Pothole of the Week - Crumbling Banburyshire road caused bending of rims and two instant punctures
A driver was victim to the disintegration of the road edging near Middleton Cheney, causing two instant punctures and the bending of the rims of the two wheels.
Campaigners believe it will take a generation or more for roads to be re-surfaced, repaired and recovered to the state they were in before austerity began to starve highways department budgets, forcing a policy of pothole-filling rather than proper roads maintenance.
The bill for compensation (the complicated rules do not make it easy for motorists to recover the cost of punctures and repairs to wheels and suspension) would be huge.
Countless reports are being lodged with Fix My Street every day. Today (Tuesday) just one of the complainants reports 12 potholes in one location, impossible to avoid without driving over a verge, one being over six inches deep. The complainant reported three vehicles having suffered punctures.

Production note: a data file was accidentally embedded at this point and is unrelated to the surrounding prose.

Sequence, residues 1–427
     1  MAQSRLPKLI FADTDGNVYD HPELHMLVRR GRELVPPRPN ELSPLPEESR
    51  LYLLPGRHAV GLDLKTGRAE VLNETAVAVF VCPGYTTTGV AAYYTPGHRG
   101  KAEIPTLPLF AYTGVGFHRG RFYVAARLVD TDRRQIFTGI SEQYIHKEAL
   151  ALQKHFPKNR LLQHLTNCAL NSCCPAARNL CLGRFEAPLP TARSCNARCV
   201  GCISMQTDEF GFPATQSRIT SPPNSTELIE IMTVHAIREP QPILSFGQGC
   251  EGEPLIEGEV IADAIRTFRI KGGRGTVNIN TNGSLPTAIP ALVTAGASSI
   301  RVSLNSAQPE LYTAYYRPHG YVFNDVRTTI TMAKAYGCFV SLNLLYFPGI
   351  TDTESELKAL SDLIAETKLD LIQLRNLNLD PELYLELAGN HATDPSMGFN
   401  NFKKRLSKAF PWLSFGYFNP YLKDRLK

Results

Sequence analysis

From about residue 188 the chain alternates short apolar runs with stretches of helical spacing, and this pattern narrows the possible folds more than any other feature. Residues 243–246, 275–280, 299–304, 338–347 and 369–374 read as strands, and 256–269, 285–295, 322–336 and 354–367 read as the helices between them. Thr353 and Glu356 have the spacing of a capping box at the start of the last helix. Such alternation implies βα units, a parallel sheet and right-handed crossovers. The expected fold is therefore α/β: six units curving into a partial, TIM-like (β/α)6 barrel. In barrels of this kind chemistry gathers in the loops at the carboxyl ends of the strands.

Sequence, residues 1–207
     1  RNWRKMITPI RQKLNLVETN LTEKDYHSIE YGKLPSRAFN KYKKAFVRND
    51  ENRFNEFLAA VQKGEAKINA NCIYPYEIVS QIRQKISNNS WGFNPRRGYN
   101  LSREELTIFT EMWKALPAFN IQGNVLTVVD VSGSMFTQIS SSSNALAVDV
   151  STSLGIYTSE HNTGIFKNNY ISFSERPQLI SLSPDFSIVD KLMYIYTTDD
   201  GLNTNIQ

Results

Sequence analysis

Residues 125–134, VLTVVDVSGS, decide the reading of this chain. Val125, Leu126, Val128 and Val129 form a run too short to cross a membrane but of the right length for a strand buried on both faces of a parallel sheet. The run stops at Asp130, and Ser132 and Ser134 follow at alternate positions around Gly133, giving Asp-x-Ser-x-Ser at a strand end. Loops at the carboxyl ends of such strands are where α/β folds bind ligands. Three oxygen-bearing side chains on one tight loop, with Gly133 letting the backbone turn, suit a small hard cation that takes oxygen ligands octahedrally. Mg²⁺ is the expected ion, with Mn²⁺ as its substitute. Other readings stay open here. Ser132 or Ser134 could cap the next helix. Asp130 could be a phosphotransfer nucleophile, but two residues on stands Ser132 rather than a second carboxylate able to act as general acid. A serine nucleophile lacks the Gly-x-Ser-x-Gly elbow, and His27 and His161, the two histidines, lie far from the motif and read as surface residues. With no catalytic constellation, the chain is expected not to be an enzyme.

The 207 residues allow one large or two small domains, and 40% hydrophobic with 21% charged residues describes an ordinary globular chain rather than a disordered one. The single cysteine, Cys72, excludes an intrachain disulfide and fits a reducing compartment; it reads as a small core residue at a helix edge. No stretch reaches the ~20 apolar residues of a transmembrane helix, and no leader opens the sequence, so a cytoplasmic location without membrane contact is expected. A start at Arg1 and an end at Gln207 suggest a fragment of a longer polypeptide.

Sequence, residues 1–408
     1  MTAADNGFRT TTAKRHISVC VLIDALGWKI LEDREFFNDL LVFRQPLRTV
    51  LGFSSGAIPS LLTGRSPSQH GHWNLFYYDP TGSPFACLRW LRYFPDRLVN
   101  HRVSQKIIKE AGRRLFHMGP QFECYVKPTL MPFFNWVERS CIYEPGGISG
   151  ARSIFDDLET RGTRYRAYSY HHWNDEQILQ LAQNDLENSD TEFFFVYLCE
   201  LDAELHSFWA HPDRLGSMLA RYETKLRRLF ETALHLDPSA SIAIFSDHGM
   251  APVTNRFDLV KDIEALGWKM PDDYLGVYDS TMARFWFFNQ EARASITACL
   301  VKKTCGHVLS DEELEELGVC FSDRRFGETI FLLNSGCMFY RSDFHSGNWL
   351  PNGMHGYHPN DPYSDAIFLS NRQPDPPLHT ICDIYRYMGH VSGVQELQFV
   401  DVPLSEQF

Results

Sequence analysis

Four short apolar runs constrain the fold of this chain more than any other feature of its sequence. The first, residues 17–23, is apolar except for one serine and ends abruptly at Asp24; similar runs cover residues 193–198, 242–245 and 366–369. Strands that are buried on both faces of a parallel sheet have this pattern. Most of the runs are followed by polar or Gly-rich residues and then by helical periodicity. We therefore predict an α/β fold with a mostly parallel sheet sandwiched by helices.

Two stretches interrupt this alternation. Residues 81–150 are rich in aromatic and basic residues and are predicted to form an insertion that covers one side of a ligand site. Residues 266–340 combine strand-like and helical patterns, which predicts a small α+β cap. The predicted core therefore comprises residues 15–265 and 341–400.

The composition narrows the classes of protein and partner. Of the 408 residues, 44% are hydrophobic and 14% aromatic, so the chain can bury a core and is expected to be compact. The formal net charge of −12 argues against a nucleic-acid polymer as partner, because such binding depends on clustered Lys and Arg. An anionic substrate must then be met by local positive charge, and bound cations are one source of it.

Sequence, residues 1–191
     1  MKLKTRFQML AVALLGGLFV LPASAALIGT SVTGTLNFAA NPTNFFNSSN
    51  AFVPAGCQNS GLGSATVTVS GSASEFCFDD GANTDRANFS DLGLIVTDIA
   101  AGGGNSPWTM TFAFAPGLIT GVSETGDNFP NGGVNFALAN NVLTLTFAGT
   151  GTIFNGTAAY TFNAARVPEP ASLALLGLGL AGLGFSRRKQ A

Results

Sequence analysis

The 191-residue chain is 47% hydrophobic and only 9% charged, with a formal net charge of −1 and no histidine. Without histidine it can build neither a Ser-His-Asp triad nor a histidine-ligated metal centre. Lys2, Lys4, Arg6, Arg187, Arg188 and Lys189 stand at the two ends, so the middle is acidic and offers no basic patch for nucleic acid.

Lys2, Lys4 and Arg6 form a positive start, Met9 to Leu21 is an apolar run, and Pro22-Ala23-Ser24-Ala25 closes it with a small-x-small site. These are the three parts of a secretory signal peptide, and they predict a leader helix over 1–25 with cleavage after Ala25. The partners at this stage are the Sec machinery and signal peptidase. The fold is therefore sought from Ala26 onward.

Complaints are being made about entire stretches of crumbling roads, some in well used areas such as the Tesco roundabout and others in rural areas where motorists weave dangerously to avoid potholes and damage to their vehicles.
Potholes are also creating trouble for motorists navigating speed bumps, chicanes and manhole covers where road surfaces have degraded and broken off. In some cases the potholes have gone down as far as the base of the road structure.
Many potholes are the result of the breakdown of previously fixed holes.
The national average time for a pothole to be fixed is 94 days. In lucky Amersham it is just one day.